David Pogue is the personal-technology columnist for the New York Times and host of Hunting the Elements on NOVA. He recently expressed his frustration with Captchas. (Time to Kill Off Captchas, Scientific American, March 2012, p. 23).
What?you say. You dont know what in the world a Captcha is? Well, believe me, you do know and you know them all too well, painfully well. You just dont know them by that name.
[READER ALERT: Continued reading may dredge up traumatic memories.]
Remember all those times you were online to create a new account, purchase a product, or execute a legal matter, and before the deed could be done you had to retype a distorted picture of random characters? That, my friend, is a Captcha! The Web site wants you to prove you are a human as opposed to nefarious online activity generated by a virus, spammer, or botnet.
For the geeks among us, Captcha is an acronym for Completely Automated Public Turing Test to Tell Computers and Humans Apart. A computer that passes the Turing test is a machine that has interacted so well with a human being that the human being thought the computer was human.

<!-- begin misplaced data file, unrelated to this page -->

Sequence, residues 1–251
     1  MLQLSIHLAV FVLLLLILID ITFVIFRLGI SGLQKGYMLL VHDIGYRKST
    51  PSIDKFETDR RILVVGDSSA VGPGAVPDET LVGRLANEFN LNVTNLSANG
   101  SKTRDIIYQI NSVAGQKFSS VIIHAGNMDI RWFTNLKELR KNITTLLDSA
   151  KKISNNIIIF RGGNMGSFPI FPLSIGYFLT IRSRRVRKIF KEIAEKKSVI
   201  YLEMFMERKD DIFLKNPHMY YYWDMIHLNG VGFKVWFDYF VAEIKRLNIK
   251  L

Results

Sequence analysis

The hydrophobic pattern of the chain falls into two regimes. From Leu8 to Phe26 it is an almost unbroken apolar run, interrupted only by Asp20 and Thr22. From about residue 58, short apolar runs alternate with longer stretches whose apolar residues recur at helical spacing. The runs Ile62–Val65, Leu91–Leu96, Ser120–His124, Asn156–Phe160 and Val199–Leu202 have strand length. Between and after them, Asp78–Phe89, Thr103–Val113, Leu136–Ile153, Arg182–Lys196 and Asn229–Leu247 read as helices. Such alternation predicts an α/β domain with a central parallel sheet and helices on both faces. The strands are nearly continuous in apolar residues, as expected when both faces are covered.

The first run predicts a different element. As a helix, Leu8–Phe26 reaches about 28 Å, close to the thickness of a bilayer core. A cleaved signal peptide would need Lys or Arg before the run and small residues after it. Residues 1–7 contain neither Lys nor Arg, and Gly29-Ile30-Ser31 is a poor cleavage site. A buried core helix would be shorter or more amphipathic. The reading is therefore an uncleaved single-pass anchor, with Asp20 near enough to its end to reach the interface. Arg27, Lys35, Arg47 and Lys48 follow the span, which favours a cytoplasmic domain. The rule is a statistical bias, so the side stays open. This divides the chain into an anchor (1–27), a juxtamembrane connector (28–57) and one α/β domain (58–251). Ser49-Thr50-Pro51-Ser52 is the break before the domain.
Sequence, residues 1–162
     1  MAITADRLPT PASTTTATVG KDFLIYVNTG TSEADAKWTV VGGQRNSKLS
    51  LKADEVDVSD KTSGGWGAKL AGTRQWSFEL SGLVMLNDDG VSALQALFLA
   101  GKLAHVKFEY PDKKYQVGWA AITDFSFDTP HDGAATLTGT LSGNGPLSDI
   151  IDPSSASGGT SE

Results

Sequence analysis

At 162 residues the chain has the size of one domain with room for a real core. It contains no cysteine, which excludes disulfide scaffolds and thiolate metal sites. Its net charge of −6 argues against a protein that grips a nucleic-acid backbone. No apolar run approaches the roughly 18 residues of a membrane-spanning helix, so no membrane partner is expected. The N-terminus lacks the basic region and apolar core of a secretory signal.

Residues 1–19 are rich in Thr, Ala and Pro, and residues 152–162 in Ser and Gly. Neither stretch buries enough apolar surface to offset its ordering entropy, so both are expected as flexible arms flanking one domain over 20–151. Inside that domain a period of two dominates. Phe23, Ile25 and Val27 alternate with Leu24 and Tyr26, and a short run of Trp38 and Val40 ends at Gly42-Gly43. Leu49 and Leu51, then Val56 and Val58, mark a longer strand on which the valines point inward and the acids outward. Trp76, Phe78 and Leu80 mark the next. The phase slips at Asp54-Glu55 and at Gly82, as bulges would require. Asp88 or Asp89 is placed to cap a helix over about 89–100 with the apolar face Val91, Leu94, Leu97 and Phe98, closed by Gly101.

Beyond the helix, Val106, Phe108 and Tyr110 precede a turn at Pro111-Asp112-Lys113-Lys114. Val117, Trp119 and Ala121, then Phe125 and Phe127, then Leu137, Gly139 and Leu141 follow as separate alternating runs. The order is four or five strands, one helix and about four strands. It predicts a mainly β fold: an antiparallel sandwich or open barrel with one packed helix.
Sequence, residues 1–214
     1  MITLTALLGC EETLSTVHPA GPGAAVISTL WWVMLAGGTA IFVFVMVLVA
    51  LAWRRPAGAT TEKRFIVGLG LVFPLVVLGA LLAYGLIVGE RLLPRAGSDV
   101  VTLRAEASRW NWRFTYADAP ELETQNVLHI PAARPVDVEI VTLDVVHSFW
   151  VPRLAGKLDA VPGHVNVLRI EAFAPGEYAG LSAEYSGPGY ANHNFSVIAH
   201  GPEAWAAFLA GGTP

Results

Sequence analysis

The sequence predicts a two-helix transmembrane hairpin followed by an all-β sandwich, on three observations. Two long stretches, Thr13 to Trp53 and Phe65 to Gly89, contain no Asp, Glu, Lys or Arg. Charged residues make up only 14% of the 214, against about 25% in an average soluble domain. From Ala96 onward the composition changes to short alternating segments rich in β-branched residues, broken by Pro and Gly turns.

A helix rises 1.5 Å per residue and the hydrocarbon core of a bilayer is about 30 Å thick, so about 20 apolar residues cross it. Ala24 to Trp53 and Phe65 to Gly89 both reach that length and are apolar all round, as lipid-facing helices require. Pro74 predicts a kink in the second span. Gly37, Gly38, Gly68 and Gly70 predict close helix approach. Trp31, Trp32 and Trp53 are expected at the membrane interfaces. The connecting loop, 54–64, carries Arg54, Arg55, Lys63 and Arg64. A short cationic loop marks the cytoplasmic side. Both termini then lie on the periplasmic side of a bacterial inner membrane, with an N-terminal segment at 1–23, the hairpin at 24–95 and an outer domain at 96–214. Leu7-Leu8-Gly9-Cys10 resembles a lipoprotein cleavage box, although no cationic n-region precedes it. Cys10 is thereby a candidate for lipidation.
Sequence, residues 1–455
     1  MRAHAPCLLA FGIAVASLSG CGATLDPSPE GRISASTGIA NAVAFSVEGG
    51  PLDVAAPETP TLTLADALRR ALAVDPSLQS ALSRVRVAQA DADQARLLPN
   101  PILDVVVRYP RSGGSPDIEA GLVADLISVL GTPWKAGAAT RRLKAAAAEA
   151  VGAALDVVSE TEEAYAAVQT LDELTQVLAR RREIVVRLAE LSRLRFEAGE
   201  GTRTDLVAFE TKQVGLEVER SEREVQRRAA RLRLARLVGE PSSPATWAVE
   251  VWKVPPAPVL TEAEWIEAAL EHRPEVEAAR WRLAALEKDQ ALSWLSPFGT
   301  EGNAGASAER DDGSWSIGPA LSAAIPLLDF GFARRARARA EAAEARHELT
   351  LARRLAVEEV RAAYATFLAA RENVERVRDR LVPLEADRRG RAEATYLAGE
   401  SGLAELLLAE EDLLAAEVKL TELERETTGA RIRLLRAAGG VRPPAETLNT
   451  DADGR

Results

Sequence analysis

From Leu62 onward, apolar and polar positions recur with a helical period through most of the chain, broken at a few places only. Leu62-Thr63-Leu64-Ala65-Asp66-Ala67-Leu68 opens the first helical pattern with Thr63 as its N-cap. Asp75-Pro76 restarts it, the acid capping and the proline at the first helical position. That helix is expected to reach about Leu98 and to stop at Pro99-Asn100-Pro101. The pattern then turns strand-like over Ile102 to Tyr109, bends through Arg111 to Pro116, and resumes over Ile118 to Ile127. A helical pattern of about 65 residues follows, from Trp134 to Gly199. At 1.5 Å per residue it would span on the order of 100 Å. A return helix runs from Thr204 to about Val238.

Pogue highlights the difficulty we all face when trying to get by the Captcha:
The images are often so distorted that even a human cant read them. Thats a particular problem in nonsense words like rl10Ozirl. Are those lowercase Ls or number ones? Zero or letter O?
I remember one Web site for which the Captcha was quite difficult to interpret. I must have attempted it 20 times before I finally somehow broke the code. By the time I did that, I think I had totally forgotten why I was at that Web site. Talk about frustration!
Alas, such is life in cyberspace. I dont know whether to feel reassured about Internet safety or demoralized over my third-rate Captcha translation skills.
Ive had enough of this. To unwind, Im going to take an art appreciation course. I hear the first artist on the docket is Salvador Dali.
style=”border:none; width:450px; height:80px”>